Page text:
Due to expanding prison populations in the majority of states, the total U.S. prison population grew in 2013, according to a new report from the Bureau of Justice Statistics. The 1,574,700 inmates in state and federal prisons at yearend 2013 represent an increase of 4,300 prisoners since the previous year. (The rate of incarceration declined from 480 prisoners per 100,000 population to 478 per 100,000 during the year due to increases in the overall U.S. population.) The new figures come after three years of modest decline from a high of 1,615,500 prisoners in 2009.
“These figures challenge premature and overly optimistic forecasts of the end of mass incarceration,” stated Marc Mauer, Executive Director of The Sentencing Project. “Tackling the prison juggernaut will require broader reforms to reduce prison admissions and sentence lengths.”
An analysis of the new figures by The Sentencing Project documents the following:
- Prison populations affected in large part by trends in California.
The three-year decline had in large part reflected a substantial reduction in the prison population in California, as mandated by a U.S. Supreme Court decision. Although many states experienced at least modest prison declines in recent years, between 2009 and 2012 the California population reduction accounted for 84% of the national decline. The California decline stalled in 2013, with a 1.1% rise in the state’s inmate population.
- Substantial reductions in three states in the past decade.
Three states – New York, New Jersey, and California – have achieved prison population reductions of about 25% in recent years (1999 – 2012 in New York and New Jersey, and 2006 – 2012 in California). During this period crime rates in these states generally declined at a greater rate than the national average.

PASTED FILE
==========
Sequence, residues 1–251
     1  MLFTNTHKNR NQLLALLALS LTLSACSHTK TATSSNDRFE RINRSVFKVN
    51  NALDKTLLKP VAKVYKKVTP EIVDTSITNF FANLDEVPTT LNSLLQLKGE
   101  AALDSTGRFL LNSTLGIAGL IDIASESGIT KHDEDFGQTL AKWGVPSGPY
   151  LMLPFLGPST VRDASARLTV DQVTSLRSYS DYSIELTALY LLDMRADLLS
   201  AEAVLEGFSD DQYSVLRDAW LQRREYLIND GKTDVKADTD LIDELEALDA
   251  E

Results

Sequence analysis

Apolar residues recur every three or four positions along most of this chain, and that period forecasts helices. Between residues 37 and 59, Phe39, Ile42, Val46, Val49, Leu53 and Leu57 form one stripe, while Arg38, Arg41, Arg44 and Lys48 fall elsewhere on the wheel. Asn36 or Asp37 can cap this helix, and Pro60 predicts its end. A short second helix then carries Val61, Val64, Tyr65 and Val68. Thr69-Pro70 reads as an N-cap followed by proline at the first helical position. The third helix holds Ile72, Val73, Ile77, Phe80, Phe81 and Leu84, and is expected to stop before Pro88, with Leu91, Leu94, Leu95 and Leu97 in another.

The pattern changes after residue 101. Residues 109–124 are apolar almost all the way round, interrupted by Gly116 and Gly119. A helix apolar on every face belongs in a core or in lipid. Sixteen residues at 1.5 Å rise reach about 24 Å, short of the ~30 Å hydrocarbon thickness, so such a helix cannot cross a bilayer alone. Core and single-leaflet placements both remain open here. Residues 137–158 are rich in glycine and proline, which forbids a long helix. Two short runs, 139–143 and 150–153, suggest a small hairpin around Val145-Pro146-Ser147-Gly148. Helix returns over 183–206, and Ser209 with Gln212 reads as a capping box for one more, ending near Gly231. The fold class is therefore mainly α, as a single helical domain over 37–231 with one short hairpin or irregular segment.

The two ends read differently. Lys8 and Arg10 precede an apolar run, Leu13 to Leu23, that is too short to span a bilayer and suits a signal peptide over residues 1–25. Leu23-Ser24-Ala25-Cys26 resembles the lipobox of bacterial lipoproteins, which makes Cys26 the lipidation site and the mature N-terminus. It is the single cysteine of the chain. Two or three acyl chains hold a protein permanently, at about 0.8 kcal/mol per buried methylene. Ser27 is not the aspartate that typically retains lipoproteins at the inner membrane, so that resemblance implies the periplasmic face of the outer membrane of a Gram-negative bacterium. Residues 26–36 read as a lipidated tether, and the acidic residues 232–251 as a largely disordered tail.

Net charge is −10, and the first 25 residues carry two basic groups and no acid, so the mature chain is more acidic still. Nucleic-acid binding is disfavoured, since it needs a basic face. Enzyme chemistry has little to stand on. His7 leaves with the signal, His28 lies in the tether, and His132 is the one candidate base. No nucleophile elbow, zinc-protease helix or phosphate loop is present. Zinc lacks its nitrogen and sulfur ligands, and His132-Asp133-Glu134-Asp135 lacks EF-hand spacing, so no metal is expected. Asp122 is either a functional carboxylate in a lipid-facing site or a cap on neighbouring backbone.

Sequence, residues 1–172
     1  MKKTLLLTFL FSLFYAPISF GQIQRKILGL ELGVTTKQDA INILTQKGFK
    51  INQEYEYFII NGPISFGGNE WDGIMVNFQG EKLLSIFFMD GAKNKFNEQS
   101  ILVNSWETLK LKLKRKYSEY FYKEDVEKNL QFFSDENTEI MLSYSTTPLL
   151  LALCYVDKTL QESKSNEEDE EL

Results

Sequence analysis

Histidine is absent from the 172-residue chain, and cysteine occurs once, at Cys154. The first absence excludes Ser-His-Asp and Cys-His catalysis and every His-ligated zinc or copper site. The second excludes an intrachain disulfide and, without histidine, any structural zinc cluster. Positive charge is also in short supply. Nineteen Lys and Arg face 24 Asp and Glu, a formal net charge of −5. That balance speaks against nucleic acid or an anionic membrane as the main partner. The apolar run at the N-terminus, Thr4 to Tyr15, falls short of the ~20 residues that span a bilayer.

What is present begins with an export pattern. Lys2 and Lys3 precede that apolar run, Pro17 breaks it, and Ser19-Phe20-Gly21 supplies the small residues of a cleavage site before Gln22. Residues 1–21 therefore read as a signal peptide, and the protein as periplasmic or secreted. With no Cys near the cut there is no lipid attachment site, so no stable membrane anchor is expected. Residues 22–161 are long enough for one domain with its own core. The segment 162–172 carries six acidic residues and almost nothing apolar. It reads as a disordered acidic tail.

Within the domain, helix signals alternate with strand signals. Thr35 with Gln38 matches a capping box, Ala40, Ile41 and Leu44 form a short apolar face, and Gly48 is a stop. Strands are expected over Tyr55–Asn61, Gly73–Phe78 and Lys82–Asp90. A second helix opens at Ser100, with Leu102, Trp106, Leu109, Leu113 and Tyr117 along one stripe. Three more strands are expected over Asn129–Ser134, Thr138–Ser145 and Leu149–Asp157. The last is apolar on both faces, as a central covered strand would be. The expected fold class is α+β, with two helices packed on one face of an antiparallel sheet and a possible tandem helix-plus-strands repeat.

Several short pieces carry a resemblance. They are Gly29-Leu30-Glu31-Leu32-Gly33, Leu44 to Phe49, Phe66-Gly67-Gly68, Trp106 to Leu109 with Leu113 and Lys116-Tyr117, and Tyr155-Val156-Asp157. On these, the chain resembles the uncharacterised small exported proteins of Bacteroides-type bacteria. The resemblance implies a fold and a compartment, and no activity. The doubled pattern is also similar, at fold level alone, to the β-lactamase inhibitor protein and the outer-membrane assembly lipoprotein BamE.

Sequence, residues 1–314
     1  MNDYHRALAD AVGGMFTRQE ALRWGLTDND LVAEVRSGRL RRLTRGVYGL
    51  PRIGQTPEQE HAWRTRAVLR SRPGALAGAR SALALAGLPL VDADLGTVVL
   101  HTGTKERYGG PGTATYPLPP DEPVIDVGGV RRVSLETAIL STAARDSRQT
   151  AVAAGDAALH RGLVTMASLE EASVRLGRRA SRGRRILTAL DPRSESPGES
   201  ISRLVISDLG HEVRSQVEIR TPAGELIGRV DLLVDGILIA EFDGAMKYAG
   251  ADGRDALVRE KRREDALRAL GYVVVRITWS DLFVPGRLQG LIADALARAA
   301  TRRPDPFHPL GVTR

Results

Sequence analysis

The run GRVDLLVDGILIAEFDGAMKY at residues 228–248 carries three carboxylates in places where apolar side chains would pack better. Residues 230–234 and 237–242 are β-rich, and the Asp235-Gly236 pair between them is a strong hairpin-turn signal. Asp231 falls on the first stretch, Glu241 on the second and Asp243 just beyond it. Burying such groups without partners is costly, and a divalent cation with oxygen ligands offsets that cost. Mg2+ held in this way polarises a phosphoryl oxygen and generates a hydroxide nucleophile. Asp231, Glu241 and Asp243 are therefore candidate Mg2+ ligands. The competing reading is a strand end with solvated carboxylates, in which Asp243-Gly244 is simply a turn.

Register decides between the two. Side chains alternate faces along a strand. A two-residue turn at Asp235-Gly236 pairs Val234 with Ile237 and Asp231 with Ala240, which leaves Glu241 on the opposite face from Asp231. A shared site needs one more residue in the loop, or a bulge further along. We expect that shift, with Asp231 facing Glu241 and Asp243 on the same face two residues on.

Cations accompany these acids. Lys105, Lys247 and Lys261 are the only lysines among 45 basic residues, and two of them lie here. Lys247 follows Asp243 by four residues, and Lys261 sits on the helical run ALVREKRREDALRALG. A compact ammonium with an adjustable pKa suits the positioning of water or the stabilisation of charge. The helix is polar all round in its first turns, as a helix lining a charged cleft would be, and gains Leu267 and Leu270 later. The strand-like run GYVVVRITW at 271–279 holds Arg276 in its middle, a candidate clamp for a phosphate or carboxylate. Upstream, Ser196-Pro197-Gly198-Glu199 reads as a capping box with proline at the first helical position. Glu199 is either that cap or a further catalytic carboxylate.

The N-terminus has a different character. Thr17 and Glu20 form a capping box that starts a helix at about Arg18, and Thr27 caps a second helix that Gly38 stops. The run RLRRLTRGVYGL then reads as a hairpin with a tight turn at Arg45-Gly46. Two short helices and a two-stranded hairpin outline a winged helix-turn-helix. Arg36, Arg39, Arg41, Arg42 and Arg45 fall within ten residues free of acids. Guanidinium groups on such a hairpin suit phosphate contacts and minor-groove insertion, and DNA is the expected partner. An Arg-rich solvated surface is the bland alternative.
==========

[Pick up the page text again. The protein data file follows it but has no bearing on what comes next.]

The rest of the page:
- Racial disparities in incarceration rates are profound, but declining.
Black men were 6 times as likely to be incarcerated as white men in 2013, and Hispanics were 2.4 times as likely. Among women, blacks were 2.2 times as likely to be incarcerated as whites, and Hispanics were 1.3 times as likely.
These figures, particularly for women, represent a substantial shift in the racial dynamics of incarceration since 2000. The rate of incarceration declined by 19% for black men from 2000 to 2013, and by 45% for black women. Conversely, incarceration rates for white men rose by 4% and for white women by 50% during this period. Changes for Latinos were modest: a decline of 7% for men and a rise of 10% for women.
- Reductions in prison populations will require focus on both prison admissions and time served in prison.
While most states have adopted a variety of diversion and alternatives to incarceration programs, far too often these initiatives do not target defendants who are likely to receive a prison sentence. Policymakers need to focus on program goals and outcomes to reduce prison admissions.
The national prison population is increasingly comprised of persons serving lengthy prison terms. One in nine prisoners is serving a life sentence, and many others have “virtual life” sentences of 40 years or more. While these individuals have generally been convicted of serious crimes, many present a reduced risk of offending as they “age out” of the high crime rates years.
- The small reduction in federal prisoners underscores the need for Congress to enact sentencing reform.
For the first year since 1980, the federal prison population decreased in size, but by less than 1%. Sentencing reform, such as the Smarter Sentencing Act, is necessary to achieve significant and sustained reductions in the federal prison population.